Department of Justice Seal Department of Justice
FRIDAY, MARCH 18, 2005
(202) 514-2008
TDD (202) 514-1888


WASHINGTON, D.C. - The Justice Department today announced that it has reached an agreement with 10 Memphis firms involved in the design and construction of five apartment complexes. The settlement resolves lawsuits brought by the Memphis Center for Independent Living and the Justice Department alleging failures to design and construct apartments with accessible features for persons with physical disabilities as required by federal law. The agreement, which still must be approved by the U.S. District Court in Memphis, affects over 375 ground floor units in Tennessee and Mississippi.

“Accessible apartments are a key to allowing individuals with disabilities to reside in neighborhood communities,” said R. Alexander Acosta, Assistant Attorney General for the Civil Rights Division. “We are committed to working with builders, architects and others to promote full compliance with the Americans with Disabilities Act. We are pleased that today’s agreement will expand the pool of accessible housing in Tennessee and Mississippi.”

The defendants named in the lawsuit are Makowsky Construction Company, Inc.; Archeon, Inc.; Reaves Sweeney Marcom, Inc.; and W.H. Porter & Co. Inc.-the complexes’ contractor, architectural firm, and engineering firms. Also named are owners and developers Penn Investors, Inc.; JAN Realty, Inc.; Belz/South Bluffs, Inc.; MRB-Windyke, L.P.; and MRB-Stonebridge, L.P and Makowsky Ringel Greenberg, LLC, a property management firm. The defendants have agreed to settle these suits by making accessibility retrofits to the units and the complexes’ common areas. The agreement also requires that the defendants establish a $260,000 fund to compensate individuals injured by the inaccessible housing, and pay $20,000 to the Memphis Center for Independent Living and $20,000 in civil penalties to the government.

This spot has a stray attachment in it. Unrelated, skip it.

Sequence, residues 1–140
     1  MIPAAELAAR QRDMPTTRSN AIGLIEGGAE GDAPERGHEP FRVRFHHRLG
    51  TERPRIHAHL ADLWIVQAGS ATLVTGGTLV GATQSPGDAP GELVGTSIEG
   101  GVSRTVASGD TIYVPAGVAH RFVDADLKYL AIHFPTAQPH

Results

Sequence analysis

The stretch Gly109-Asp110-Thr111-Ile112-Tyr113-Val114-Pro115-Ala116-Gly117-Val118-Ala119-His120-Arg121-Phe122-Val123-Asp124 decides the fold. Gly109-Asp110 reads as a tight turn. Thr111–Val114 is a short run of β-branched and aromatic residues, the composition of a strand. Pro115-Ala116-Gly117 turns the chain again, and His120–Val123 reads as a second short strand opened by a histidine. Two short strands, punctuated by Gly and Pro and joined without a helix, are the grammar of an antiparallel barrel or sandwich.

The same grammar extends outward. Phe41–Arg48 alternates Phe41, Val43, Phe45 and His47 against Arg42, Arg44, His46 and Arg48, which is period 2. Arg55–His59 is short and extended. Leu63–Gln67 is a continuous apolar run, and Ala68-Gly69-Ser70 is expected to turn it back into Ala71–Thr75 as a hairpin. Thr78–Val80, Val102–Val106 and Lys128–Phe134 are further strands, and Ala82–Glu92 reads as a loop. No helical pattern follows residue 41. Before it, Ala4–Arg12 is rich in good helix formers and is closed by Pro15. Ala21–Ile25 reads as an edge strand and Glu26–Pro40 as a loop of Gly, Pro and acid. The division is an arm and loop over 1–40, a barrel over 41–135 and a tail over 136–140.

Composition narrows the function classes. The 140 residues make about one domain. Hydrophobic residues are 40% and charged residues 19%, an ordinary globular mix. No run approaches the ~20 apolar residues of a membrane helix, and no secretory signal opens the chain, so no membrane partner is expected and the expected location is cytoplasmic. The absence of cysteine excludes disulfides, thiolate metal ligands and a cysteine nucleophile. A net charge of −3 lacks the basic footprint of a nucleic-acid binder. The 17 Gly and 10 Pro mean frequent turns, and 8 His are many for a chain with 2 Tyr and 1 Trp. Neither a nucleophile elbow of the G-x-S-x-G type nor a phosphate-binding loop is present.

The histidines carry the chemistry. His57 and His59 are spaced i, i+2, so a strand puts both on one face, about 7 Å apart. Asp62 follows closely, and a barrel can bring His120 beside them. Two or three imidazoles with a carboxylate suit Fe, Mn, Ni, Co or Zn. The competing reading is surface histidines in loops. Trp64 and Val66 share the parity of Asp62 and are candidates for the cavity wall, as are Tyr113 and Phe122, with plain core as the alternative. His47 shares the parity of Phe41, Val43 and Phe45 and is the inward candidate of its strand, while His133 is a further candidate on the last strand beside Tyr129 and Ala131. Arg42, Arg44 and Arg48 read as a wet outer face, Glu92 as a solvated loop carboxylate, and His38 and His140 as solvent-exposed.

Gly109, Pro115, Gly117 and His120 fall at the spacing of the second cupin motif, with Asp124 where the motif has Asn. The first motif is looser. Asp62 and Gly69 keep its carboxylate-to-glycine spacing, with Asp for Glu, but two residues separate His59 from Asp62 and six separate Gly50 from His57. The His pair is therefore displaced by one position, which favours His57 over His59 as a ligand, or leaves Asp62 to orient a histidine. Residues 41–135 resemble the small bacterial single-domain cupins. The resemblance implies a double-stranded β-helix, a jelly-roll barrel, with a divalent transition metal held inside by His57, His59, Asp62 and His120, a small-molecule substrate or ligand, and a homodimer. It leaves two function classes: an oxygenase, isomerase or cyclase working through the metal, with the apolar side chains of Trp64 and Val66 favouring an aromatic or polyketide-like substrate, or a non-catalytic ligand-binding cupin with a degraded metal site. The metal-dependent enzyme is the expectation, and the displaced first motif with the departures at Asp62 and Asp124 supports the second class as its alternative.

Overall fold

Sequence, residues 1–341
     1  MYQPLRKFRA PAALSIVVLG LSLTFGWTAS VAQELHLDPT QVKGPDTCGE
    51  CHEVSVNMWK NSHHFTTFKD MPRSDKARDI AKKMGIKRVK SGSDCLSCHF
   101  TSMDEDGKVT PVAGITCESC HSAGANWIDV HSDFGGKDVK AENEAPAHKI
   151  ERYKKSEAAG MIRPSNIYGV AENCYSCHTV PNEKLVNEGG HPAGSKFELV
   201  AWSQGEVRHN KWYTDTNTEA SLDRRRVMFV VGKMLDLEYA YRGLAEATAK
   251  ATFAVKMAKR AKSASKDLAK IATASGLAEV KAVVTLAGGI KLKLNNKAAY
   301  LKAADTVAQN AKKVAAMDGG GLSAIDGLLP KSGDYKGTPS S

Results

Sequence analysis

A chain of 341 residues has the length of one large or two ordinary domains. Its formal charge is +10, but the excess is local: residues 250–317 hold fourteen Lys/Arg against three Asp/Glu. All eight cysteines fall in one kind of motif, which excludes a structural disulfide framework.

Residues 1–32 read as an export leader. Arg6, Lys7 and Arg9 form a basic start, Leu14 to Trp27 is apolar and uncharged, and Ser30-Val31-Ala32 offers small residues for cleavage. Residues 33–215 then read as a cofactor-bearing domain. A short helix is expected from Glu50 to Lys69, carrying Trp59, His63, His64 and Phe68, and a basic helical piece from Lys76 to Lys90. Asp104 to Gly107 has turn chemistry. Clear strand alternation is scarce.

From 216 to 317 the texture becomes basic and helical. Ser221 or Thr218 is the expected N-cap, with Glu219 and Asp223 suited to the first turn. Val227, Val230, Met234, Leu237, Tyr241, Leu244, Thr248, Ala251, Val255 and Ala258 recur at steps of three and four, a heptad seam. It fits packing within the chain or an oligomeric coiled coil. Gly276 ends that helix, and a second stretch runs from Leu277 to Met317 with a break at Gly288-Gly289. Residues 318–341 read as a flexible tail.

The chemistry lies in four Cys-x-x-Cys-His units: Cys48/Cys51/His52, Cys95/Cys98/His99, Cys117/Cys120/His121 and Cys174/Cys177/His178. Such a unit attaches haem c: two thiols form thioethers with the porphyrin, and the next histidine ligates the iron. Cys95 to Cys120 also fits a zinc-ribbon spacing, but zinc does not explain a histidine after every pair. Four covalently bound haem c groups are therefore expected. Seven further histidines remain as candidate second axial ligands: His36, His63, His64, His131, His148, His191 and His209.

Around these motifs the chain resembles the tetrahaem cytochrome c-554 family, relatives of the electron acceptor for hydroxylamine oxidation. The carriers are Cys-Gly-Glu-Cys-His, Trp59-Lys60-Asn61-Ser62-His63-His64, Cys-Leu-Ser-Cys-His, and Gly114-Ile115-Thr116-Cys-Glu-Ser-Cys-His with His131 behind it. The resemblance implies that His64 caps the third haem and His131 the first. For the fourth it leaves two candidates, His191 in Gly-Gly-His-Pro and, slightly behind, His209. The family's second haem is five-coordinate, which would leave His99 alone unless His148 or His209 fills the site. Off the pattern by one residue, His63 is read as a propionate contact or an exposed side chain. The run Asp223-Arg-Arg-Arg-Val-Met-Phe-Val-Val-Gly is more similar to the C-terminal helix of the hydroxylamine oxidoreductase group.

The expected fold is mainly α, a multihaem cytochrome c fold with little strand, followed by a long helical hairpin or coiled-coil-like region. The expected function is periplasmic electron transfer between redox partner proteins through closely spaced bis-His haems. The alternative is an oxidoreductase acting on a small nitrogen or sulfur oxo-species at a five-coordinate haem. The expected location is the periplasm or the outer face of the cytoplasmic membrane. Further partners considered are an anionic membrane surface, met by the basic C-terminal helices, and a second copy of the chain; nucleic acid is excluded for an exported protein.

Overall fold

The properties are Champion Hills at Windyke, Champion Hills at Stonebridge, and Eton Square Apartments-all in Memphis-and The Magnolias in Hernando, Mississippi, and Cypress Lakes Apartments in Robinsonville, Mississippi. Persons who believe they may have been harmed by the absence of accessible features at any of these apartments should call the Department of Justice at 1-800-896-7743 and select option 91 to obtain information on how they can file a claim for monetary damages. Additional information is available on the Justice Department website at

“All of the attorneys working for the various parties in this matter should be congratulated for their hard work in negotiating a settlement in this very complex case,” said Terrell Harris, U.S. Attorney for the Western District of Tennessee. “My office is proud to be associated with the effort to improve accessibility for individuals with disabilities by taking barrier removal actions at the apartment communities in question.”

The federal Fair Housing Act prohibits discrimination in housing on the basis of race, color, religion, sex, familial status (having children under 18 years old), national origin, and disability. Since January 21, 2001, the Division has had 67 cases under the Fair Housing Act alleging discrimination based on disability, 32 of which alleged violations of the Act’s design and construct provisions.